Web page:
meatpacking

Alice Welch

A study published Thursday in a prestigious scientific journal links significant increases in COVID-19 transmission rates to meatpacking plants, especially those facilities that the federal government has allowed to speed up processing lines.

Researchers found evidence that linked meatpacking plants to a “high potential for community spread” in the surrounding areas. The findings have implications for the Ohio Valley, where Tyson Foods plants in western Kentucky and southern Indiana received waivers this spring to increase work line speed even as dozens of workers were falling ill to the virus.

Liam Niemeyer I Ohio Valley ReSource

Debby Dulworth has a lot of conversations with her cattle each day. She swings open a gate, driving the herd with repeated calls and the Hereford cattle, respond in kind with groans and snorts.

“They talk to me,” Dulworth said with a laugh, as the cows come bounding out into a fresh field of Kentucky fescue and buttercups. She’s been corralling them from pasture to pasture on her farm for decades near Monkey’s Eyebrow, Kentucky, nestled in a bend of the Ohio River.

Most of the time, they move at her call. The more stubborn ones she herds with the threat of an electric wire she slowly drags through the field. The wire isn’t hot usually, but the cows don’t know that.

Liam Niemeyer, Zoom screenshot

It’s the uncertainty that gets to Darlene Davis. The uncertainty of when she’ll see her 87-year-old mother in person again. The uncertainty of her co-workers’ health. The uncertainty that comes with the novel coronavirus.  

When a co-worker of hers at the JBS Swift meatpacking plant in Louisville died from COVID-19, she said that uncertainty turned into fear for many of the 1,200 employees at the plant. The Louisville Metro Health Department was made aware of the death on April 4.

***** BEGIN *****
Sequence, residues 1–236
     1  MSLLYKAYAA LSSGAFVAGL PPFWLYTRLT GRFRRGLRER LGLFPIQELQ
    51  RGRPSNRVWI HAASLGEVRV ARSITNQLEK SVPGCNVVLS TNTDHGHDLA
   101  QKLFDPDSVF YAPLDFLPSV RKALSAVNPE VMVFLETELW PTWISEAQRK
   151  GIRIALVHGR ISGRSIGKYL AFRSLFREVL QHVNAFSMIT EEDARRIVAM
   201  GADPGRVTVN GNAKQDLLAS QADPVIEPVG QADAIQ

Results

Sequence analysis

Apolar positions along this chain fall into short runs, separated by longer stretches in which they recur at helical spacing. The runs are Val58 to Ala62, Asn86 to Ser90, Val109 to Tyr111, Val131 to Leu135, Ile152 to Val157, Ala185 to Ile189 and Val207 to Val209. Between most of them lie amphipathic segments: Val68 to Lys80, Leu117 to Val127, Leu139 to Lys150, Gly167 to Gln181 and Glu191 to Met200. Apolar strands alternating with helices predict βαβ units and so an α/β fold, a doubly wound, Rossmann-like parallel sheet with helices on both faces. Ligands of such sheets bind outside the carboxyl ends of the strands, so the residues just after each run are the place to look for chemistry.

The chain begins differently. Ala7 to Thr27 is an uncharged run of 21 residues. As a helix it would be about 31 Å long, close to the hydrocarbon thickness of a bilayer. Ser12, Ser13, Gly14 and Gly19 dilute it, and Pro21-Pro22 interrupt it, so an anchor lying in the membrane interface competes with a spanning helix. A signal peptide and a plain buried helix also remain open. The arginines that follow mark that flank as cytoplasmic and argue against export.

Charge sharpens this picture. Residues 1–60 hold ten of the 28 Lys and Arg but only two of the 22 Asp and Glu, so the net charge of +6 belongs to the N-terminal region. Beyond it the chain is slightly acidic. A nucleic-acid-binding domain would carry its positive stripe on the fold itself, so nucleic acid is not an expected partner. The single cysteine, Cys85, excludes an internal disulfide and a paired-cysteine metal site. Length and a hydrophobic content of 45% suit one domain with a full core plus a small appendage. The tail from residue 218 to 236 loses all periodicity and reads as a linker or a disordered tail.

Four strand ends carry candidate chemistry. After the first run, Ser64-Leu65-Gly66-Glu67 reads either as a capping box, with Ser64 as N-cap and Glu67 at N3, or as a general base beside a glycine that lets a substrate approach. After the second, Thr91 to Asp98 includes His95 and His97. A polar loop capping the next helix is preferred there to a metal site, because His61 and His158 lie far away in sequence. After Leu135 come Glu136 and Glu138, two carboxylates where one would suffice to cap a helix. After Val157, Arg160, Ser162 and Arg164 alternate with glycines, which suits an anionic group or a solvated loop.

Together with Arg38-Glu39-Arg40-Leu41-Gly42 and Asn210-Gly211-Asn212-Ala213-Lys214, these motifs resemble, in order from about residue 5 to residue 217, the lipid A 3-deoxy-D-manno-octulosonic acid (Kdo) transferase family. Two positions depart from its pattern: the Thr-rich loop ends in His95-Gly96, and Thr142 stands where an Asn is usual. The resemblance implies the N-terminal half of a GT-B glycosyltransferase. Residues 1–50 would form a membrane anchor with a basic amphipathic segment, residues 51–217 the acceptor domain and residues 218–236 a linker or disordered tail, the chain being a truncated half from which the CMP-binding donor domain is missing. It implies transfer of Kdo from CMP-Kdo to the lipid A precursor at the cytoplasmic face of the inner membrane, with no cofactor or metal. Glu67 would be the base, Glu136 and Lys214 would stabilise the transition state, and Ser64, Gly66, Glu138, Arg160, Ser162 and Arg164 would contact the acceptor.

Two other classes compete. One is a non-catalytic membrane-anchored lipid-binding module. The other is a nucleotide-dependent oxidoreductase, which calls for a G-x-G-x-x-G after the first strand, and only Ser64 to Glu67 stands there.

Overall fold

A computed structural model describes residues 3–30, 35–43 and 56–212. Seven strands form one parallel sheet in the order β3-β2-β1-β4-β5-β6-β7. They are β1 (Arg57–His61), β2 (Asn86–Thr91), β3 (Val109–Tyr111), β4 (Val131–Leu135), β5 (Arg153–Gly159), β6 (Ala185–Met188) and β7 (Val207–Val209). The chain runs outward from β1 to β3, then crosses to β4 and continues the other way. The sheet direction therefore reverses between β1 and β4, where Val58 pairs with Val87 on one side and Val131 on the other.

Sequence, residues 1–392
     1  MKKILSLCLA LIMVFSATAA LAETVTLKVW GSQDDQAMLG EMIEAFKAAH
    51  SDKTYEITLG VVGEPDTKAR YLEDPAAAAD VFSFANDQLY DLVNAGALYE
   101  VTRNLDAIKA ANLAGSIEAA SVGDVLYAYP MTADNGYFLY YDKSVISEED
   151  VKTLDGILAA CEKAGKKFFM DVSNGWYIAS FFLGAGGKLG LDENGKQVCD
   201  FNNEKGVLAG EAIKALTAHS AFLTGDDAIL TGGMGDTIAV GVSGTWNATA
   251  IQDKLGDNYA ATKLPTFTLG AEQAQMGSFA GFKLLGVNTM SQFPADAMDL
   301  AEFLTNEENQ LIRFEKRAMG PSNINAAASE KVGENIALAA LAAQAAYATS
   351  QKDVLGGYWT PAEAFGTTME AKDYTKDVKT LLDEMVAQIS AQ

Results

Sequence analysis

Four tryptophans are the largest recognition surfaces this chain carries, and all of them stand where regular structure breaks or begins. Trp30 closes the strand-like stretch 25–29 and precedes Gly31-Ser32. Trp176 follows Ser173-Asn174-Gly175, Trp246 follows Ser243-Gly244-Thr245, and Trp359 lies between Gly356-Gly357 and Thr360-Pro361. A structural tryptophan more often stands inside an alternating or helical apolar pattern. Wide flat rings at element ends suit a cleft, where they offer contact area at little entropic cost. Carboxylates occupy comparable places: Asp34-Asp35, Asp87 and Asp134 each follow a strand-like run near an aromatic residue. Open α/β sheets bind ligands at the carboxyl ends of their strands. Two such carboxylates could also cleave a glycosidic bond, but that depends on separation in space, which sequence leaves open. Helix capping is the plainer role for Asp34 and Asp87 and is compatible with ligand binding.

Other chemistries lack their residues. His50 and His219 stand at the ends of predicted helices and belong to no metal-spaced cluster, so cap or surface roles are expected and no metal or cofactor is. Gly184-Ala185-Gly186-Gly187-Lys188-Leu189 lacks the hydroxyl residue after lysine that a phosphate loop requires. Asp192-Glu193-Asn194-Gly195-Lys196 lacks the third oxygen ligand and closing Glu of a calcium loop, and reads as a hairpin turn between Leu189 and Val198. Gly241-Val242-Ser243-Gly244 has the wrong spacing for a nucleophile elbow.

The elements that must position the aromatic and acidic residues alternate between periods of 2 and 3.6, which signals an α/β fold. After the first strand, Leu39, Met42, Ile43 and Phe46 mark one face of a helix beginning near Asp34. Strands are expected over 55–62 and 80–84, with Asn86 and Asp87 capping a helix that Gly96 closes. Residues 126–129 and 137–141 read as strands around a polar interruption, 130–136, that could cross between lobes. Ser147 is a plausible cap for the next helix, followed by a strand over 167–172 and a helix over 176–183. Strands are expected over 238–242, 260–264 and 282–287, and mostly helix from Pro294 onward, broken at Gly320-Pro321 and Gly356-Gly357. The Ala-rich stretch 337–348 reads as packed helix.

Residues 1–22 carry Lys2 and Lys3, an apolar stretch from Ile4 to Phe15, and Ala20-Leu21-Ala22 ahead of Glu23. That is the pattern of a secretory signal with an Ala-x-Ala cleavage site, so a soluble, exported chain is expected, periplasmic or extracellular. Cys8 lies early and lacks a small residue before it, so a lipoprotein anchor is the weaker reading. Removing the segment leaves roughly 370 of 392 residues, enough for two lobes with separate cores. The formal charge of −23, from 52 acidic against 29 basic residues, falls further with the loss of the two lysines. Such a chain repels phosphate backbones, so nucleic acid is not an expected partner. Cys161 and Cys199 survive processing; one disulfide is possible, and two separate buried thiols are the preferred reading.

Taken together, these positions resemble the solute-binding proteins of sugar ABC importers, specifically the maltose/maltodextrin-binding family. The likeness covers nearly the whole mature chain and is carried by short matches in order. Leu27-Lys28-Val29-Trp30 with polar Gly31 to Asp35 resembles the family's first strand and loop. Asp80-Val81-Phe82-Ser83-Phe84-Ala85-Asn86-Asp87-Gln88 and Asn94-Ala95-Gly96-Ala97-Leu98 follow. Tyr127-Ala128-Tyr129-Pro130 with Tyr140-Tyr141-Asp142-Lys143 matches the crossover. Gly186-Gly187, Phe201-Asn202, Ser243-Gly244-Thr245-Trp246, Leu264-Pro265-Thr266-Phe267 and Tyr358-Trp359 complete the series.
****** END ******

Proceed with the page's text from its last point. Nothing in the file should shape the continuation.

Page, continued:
Nicole Erwin / Ohio Valley ReSource

As President Trump ordered meatpacking plants on Tuesday to keep operating amid the coronavirus pandemic, more details are emerging about the concerns workers had about their safety at a facility in Louisville, where dozens of workers were infected and one died. 

 

The Kentucky Cabinet for Health and Family Services reported as of Monday, the state was aware of 220 coronavirus cases at four meatpacking plants, including 34 cases at a JBS Swift plant in Louisville. The cabinet also reported one death — at that Louisville plant. 

 

Records of complaints filed with the Louisville Metro Public Health Department show that in early April employees were concerned that the company was not doing enough to protect them.

 

 


Daniel Schneider/U.S. Army

The Kentucky Department for Public Health has confirmed 220 employees at meatpacking plants across Kentucky have tested positive for the coronavirus, with one employee death related to the virus in Louisville.

Kentucky Cabinet for Health and Family Services spokeswoman Susan Dunlap in an email Monday afternoon said the Beshear administration is aware of cases and one death at four meatpacking plants in the state: